“Men practice stress as if it were a sport” – Madeleine FerronChronic” stress

Excessive stress follows a distressing event that is too intense, prolonged or to which we are repeatedly confronted. It is therefore an intense stress or one that lasts over time and leads to the exhaustion of the body’s energy reserves. In contrast to “normal” or adapted stress, where the body is alert and mobilises all its resources, excessive stress leads to an overflow of psychological defences.

There is often a feeling of being overwhelmed, as if something strange, overwhelming, threatening is overwhelming the individual’s thinking. For outsiders, there is a loss of contact and a sense of discrepancy between the situation and the actions of the person in an overstressed situation. There are generally four states that are indicative of experiencing too much or too long stress:

  • Stunned: the mind is blank and the victim is often physically and mentally frozen, in a state of stupor, with an expression of total incomprehension on the face.
  • Agitation: there is a loss of bearings with disordered gestures and an inability to make decisions and listen to what those around them have to say.
  • Panic flight: judgement and reasoning skills are affected and the person will often go straight ahead, sometimes putting themselves in danger.
  • Automatism: the actions performed may at first appear normal but are in fact mechanical, repetitive and sometimes useless, and will mobilise all the person’s energy. Finally, exceeded stress can be caused by an exceptional event (emotional shock, paralysing danger) or by extreme circumstances experienced for too long. The coping capacities are then overwhelmed and become inoperative, which can sometimes lead to psychotrauma, and the risks associated with it.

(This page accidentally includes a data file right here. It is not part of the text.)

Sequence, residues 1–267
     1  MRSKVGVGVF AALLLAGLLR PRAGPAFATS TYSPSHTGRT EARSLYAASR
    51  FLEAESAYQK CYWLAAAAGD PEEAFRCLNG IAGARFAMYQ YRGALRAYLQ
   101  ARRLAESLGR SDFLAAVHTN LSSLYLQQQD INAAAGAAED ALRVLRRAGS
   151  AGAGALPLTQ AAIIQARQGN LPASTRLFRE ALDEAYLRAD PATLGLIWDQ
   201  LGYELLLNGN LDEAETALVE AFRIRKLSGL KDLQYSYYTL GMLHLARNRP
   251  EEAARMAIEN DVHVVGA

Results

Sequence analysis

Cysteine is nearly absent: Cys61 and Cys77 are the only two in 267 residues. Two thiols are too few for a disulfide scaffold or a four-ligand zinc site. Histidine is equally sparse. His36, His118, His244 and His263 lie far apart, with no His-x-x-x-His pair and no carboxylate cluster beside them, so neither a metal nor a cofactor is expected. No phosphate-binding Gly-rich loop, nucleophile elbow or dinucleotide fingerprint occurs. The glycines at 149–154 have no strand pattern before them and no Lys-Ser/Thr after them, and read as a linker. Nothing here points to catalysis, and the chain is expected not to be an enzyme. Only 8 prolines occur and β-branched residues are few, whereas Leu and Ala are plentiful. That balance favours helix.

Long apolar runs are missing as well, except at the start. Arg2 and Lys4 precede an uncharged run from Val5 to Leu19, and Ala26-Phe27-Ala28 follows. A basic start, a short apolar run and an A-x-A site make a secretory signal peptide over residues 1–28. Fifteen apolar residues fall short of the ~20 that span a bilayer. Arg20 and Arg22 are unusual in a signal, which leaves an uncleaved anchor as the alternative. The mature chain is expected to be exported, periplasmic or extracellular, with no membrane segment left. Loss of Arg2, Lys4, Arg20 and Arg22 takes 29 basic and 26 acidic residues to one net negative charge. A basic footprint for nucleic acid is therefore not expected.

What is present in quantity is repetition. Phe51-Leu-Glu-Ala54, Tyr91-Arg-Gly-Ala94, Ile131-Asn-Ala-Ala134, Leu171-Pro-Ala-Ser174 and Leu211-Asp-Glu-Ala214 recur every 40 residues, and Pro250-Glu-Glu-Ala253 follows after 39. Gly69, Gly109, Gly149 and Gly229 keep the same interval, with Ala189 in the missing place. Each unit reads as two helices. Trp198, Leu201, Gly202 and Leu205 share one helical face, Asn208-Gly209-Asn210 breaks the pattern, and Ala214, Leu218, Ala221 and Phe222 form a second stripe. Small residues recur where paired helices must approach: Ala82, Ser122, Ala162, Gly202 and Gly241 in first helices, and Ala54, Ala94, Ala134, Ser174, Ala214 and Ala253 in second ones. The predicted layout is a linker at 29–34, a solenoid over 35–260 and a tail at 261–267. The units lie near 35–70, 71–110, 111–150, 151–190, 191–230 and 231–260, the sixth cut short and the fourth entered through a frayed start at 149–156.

How can we avoid getting into a situation of overwhelmed stress?

Traumas, which are sudden, violent and unpredictable events, cannot be avoided, but chronic stress, which can be encountered every day in certain jobs or during exam periods, for example, can be avoided.

(1) Recognising the signs

To avoid reaching a point of no return, it is important to be able to react early enough. The signs can be emotional, physical and mental, and are generally unusual, with increased irritability, anxiety, difficulty concentrating, decreased motivation, permanent fatigue, insomnia, back pain, migraines, abdominal or chest pain.

(2) Learning to control stress

There are many methods to help relieve the feeling of stress, but the most important thing is to find the one that suits you. These include breathing and relaxation exercises, such as cardiac coherence or meditation. Regular exercise is also a good way to relieve stress.

(3) Adopt a healthy lifestyle

Taking care of yourself and your body eliminates an additional source of stress. Getting enough rest and sleep, eating at set times and controlling alcohol, tobacco and medication will allow the body to regulate itself properly and reduce the appearance of physical signs of stress.

(4) Know yourself

Learning to listen to yourself and discovering your limits, but also accepting them and allowing yourself to withdraw when necessary, are all ways to avoid being overwhelmed by the stress you may face at work or during your studies.

(5) Accepting to ask for help

One of the most difficult steps when you feel that stress is taking over your daily life is not to trivialise it and to dare to talk about it, first with your family and then with your friends and colleagues. Sharing your experiences and feelings is already a way of accepting your stress, but it will also allow you to analyse the seriousness of the situation, and therefore to consider talking to a professional if necessary.

Finally, it is possible to avoid reaching a state of chronic stress, as long as you know how to spot the signs, learn to listen to yourself and not suffer in silence. Then you can give yourself time, identify what you need, and act accordingly.